Burying Ground resurrects old songs with new spirit

By Tiina Liimu
Dev and Woody are digging up the past with their new album as Burying Ground. Photo: Alexis Hogan

Dev and Woody are digging up the past with their new album as Burying Ground.
Photo: Alexis Hogan

VANCOUVER — Sweaty persistence, game-changing road trips, and a bold leap of faith turned the soil for Burying Ground, the result emerged as the full-length album Big City Blues.

For fixtures in Vancouver’s DIY music community, circumstances seeded a collection of real life stories told as country blues, folk and ragtime songs. Originally with The Dire Wolves, Dev and Woody found themselves without a guitarist and vocalist when Blake Bamford moved out of the big city. This prompted both to work on their vocal chops and Woody to pick up a guitar and step into a different style of playing.

Collaborations include artists: Joseph Lubinsky-Mast, Jack Garton, Kathleen Nisbet Candice Roberts and Josh Doherty. In the studio, Woody and Dev credit Mark Lawrence of Big in Japan Recordings, as a huge creative inspiration.

They take their cues from another era with Woody studying pre war and acoustic blues. “I listen to so much old blues and was inspired by all these great artists and bands to pick up the guitar and try to capture some of that in our own music,” he says.

“Dev has been listening to more than a few washboard players from my record collection and has picked up the different beats and rhythms that drive the music we love.”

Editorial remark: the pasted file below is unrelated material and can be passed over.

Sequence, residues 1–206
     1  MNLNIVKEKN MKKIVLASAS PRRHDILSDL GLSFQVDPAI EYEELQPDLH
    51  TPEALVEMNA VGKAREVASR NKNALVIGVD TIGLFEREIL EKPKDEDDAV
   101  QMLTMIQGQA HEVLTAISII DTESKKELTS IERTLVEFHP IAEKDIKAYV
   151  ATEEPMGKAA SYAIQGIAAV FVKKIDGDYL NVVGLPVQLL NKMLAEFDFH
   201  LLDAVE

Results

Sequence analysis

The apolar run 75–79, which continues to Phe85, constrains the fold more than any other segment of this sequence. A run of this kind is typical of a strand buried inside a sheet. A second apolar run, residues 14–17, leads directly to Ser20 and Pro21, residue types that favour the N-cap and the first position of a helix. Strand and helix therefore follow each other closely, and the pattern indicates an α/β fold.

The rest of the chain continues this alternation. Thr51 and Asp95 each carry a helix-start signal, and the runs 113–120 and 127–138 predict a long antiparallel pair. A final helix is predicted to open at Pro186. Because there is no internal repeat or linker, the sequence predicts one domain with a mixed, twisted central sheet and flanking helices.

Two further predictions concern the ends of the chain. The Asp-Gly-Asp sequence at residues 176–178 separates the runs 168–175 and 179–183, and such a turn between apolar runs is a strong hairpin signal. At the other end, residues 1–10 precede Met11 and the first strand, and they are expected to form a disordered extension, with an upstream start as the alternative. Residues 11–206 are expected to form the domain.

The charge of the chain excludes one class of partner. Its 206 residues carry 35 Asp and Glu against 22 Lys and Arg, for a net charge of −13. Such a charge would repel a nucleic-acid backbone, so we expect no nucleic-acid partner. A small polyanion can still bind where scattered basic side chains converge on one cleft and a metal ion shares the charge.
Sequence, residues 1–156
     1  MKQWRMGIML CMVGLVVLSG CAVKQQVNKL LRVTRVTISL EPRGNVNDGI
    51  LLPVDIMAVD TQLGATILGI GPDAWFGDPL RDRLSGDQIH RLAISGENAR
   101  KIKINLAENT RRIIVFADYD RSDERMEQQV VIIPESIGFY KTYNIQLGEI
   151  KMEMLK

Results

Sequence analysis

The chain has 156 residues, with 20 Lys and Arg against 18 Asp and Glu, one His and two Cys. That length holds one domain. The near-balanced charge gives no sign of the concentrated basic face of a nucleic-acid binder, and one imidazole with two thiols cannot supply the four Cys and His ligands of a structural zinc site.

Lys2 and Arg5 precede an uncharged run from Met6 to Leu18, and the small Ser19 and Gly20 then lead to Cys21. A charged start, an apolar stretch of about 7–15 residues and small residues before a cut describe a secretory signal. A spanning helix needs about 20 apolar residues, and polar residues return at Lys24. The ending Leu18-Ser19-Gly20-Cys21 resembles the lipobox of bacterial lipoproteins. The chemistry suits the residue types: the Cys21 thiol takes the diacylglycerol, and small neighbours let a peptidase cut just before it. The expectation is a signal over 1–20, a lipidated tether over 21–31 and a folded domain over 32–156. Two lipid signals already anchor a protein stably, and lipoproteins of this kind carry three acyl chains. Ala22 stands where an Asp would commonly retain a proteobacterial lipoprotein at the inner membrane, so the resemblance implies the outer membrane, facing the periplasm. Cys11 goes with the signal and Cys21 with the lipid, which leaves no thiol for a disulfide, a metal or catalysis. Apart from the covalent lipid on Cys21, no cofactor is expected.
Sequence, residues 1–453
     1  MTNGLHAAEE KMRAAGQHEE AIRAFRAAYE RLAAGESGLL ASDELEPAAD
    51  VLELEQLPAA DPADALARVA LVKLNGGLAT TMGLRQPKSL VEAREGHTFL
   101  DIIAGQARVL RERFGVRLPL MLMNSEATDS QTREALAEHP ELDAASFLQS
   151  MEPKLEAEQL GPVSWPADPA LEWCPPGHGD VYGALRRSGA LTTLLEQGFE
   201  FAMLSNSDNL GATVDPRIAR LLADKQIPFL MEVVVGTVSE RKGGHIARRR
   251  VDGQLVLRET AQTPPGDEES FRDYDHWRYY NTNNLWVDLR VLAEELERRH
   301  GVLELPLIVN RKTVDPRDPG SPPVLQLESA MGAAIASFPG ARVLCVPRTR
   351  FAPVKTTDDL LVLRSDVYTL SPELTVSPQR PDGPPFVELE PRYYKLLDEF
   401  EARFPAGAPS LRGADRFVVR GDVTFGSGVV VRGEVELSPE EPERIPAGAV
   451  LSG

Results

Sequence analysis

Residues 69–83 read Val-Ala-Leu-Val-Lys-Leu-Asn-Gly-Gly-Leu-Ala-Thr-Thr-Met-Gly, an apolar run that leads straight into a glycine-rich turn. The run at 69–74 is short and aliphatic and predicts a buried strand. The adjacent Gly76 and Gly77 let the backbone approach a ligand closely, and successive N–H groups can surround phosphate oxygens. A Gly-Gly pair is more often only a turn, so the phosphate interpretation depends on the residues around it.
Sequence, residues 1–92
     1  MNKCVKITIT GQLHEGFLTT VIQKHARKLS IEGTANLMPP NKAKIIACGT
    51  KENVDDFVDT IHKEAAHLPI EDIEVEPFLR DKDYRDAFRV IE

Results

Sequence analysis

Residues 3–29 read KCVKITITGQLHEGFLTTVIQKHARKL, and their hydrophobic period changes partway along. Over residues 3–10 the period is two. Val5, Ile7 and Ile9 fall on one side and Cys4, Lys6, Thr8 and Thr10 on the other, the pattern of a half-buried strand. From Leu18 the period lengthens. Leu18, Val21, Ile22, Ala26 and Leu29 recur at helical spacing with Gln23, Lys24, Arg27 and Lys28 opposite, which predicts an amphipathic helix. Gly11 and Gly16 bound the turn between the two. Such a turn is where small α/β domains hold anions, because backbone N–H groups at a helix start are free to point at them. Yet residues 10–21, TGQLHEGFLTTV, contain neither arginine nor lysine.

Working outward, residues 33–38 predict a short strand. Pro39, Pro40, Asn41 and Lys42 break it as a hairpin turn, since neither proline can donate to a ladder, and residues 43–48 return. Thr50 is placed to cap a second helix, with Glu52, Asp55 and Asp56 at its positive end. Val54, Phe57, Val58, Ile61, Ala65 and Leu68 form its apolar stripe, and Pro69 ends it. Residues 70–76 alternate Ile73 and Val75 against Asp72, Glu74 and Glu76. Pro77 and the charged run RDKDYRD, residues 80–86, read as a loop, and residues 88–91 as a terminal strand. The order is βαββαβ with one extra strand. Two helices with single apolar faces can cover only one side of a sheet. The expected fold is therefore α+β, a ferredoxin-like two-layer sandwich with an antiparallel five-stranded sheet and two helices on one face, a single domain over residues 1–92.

Travelling south where their influences came from, the spirit has left an undeniable impression on the two. “I visited the Mississippi John Hurt Museum, which is in Avalon,” says Dev. A meeting with caretaker Floyd Bailey resulted in the Brass King washboard she plays now.

A 2011 trip to the historically rich New Orleans lit the fire for older styles. “I came back with a new appreciation for music and decided to take it more seriously than I had before,” says Woody.

While standards dust their live set, the lyrics focus on subject matter that compel them. “One of the greatest parts of performing and getting our music out there, is you get to write a ‘sort of soundtrack,’ to inspire people or bring awareness to social issues,” she says. Their musical arrangements are a partnership with Woody writing songs and Dev handling further elements. “I write melodies, lyrics and I sing them to Woody and he figures them out on guitar,” she explains.

Like a needle to the record of reverence, Burying Ground’s namesake not only comes from a Blind Lemon Jefferson song. “It’s a place where people put those that they have lost, to rest. This is how I feel [about] the old songs of the past; people have almost forgotten where all the popular music of today came from,” says Woody. “We feel that we are a part of a growing number of musicians resurrecting old songs and giving them another chance to live again.”

You too can visit these at upcoming Vancouver and Alberta dates! When you catch Burying Ground remember to ask for a copy of Big City Blues!

Burying Ground perform in Vancouver at Ouisi Bistro June 30th & July 1st and at the Union St Block Party on July 4th. In Calgary, catch them at Broken City August 12th.

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